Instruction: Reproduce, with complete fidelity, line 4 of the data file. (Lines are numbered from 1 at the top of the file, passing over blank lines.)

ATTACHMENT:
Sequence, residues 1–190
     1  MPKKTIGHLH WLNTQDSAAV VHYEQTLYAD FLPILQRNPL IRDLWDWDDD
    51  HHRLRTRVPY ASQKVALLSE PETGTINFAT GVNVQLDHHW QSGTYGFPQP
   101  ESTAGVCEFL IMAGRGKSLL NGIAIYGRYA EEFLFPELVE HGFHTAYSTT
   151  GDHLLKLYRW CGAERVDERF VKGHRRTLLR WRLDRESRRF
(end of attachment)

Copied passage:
   101  ESTAGVCEFL IMAGRGKSLL NGIAIYGRYA EEFLFPELVE HGFHTAYSTT